Wednesday, June 5, 2013

5 June 2013
1:00 PM

Institutional Food, Industrial Cooking and the effect of Soul Sucking Blind Adherence to Rooles

The food in these settings is not very familiar to most in here as food, as they know it. There often is discussion occurring on the inside of this building among the residents. Oh, there may be the usual grousing as the food is not what some are used to. But the food here is very far from what most folks are used to.

First, no food here has caffeine in it. The coffee is decaffeinated, so is the tea. The coffee is made from ground beans, but nowhere that the residents can have access to the brewing process. The coffee is brewed behind locked doors in the kitchen. It is only brought out from locked doors when it reaches a cooler temperature. Apparently we are being kept safe from our own assumed ineptness. I used to brew my own coffee at home and never managed to hurt myself. I also had an espresso machine and made lattes, steamed the milk, made cappuccino and all sorts of flavored coffees. I never got burned, the pressure generated never blew a gasket and scalded anyone. No one stopped by my house to inspect my kitchen or make sure that I wasn't going to get burned . I am amazed that because I have a disease that makes it difficult to stand and walk that am also expected to give up my developed taste in fine coffees.

Somehow I don't see the connection. Maybe such pursuit of my safety is a natural concern for state inspectors and facility providers, I don't know. One can tell that the coffee is brewed using ground beans as a cup of coffee often has grounds in the bottom of the cup when draining the cup, which was filled from the carafe that comes from the kitchen, behind those locked doors.

The coffee has a flavor that does not endear itself to a palate accustomed to many higher quality coffees. It is often bitter and not full bodied, there is no positive lingering after taste like better coffees. I suspect that it is not a high quality coffee bean or it is probably boiled, like cowboy coffee. I have tried running nearly everything past the staff here to get some better quality coffee, buying a completely automatic coffee brewer that would only need charging with cool water and (good quality) coffee, no getting close to the preparation – no deal. How about I buy some good quality coffee and donate it to the facility for the kitchen to prepare – nope, we have a contract with a company to do the kitchen work. We can't go outside of the contract. So maybe the too hot issue is not the issue at all. Maybe the contract holder keeps their bid low by providing the cheapest coffee available. After all, if those people want good coffee, they can always leave the building to get a decent cup of coffee at some coffee house. We the interned, can not.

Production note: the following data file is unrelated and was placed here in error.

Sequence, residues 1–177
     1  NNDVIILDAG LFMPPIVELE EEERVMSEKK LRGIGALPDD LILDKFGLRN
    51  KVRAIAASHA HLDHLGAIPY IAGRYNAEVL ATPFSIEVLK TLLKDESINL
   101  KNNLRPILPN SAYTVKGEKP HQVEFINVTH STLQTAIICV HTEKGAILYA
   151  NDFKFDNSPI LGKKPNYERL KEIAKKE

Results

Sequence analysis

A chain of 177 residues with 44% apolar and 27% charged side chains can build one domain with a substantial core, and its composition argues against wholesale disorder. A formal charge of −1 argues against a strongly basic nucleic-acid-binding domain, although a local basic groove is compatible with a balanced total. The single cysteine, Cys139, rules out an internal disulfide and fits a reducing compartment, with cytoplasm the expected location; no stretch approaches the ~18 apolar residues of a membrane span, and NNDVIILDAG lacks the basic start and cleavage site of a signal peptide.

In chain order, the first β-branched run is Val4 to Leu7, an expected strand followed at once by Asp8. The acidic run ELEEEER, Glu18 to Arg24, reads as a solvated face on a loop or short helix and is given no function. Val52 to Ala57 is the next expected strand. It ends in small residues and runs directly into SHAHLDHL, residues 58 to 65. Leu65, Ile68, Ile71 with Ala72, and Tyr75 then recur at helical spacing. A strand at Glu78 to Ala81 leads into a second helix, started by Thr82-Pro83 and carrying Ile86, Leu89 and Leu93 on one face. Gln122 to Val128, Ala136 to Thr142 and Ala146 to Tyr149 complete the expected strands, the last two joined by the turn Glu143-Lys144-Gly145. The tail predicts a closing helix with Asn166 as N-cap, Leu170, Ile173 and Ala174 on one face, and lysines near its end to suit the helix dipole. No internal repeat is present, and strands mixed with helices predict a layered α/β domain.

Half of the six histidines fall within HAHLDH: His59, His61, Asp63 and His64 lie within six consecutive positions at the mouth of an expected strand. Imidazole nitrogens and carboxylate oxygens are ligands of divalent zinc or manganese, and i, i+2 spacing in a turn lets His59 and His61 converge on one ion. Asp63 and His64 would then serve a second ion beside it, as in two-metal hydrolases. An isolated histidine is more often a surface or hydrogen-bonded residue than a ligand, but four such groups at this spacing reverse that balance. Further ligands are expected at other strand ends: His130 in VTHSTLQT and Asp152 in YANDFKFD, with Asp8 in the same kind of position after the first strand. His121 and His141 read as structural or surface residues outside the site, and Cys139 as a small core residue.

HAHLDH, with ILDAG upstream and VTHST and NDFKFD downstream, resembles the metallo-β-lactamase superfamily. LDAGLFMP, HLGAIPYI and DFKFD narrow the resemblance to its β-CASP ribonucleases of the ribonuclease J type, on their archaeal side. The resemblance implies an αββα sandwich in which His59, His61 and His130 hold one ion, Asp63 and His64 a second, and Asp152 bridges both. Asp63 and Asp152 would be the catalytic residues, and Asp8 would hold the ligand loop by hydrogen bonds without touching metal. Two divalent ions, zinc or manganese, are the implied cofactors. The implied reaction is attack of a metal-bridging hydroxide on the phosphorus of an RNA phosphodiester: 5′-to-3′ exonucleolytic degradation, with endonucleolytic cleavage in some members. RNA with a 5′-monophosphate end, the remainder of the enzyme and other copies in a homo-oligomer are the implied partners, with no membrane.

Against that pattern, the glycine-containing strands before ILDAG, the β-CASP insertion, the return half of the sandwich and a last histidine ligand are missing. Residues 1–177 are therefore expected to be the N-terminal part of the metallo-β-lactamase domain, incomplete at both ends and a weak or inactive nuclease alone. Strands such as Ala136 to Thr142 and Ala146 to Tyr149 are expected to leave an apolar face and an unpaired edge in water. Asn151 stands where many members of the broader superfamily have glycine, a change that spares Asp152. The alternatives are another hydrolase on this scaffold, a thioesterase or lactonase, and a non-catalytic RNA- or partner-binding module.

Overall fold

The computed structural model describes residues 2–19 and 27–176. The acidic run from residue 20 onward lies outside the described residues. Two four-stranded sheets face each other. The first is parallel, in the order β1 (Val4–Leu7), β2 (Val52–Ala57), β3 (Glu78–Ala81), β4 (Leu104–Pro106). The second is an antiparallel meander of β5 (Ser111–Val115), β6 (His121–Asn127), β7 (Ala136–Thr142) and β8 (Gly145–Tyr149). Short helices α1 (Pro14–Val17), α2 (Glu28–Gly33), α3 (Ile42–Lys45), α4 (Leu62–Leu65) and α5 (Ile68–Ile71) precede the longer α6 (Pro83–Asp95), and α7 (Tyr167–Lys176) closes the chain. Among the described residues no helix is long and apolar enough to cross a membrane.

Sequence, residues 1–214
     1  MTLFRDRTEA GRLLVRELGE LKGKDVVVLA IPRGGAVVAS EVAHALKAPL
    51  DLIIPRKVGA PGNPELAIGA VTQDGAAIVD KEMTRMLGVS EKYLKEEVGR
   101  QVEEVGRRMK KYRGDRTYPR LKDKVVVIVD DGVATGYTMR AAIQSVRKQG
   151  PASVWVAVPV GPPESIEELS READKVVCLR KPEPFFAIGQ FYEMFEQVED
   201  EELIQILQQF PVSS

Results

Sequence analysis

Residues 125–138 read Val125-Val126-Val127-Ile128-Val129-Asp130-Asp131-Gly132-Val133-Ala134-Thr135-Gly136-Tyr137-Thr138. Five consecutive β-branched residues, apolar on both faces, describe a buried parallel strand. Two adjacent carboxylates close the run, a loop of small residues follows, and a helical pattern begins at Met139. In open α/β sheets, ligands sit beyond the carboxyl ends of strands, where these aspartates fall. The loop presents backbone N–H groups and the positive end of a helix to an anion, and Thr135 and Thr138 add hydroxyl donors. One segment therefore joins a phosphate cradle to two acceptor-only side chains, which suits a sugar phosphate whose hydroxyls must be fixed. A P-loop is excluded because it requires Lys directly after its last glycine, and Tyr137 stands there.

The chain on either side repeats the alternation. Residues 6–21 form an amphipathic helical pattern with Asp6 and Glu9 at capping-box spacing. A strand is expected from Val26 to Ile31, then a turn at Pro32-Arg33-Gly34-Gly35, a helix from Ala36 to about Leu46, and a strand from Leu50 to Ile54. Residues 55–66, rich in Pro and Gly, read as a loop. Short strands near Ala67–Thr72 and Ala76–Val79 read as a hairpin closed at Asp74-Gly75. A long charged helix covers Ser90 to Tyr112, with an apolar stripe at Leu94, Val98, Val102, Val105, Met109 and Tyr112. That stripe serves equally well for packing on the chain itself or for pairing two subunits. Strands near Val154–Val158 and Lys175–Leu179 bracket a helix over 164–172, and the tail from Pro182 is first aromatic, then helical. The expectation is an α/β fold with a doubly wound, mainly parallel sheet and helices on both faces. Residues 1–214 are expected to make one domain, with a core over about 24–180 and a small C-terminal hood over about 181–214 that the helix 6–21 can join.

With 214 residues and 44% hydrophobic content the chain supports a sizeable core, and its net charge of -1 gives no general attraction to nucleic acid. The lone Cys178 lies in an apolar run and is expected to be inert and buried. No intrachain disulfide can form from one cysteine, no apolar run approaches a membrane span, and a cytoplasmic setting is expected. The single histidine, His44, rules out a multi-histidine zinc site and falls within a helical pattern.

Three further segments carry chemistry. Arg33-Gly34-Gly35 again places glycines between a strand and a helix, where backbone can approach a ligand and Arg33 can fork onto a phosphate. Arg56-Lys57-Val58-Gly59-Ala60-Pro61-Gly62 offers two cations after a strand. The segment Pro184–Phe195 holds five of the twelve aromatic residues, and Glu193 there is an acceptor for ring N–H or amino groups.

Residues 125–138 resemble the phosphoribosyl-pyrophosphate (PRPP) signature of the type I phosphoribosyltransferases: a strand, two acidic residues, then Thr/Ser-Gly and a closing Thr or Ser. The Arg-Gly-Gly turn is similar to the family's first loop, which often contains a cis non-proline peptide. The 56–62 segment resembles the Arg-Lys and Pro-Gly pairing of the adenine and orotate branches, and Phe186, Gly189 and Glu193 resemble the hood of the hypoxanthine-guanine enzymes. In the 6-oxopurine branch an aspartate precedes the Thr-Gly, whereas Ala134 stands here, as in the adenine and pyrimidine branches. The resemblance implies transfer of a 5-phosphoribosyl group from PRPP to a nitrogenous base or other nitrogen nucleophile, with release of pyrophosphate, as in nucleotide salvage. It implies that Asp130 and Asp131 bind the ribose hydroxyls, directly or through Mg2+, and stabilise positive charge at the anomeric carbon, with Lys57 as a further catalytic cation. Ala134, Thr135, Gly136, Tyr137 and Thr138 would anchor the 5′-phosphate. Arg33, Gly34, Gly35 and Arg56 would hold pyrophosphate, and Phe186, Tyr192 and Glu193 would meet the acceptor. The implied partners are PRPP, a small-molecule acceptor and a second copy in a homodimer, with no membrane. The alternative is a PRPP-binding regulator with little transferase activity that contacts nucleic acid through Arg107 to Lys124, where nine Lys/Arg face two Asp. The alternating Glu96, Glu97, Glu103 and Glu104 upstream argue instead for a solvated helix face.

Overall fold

Residents can have tea by dipping a tea bag into a cup full of luke-tepid water. Both the tea and the coffee are of dubious quality. The teabag has some unknown brand name on it. I even brought some of my favorite teabags from home, Earl Gray with double bergamot oil. It was a disaster. Because brewing tea is more than just delicately dipping a teabag in water. Black tea needs to be brewed in nearly boiling water (which cools as it steeps), the lighter green or white teas do best at slightly cooler brewing temperature, say 180 degrees. By the time the hot water is brought out from the kitchen to the residents to make their own tea, it is considerably cooler than that (again the burn issue).

Although letting a tea steep in that cooler water it will stain the water, its NOT tea. The flavonoids fail to be released, which not only effect the flavor but the other qualities of tea brewing. Like antioxidant production and all of the positive effects those have on the body. Flavonoids are also found in fresh citrus fruits (which are rare here), wine (definitely not served here) and dark chocolate (which somehow is viewed as a treat, not a healthy food, and is not served here).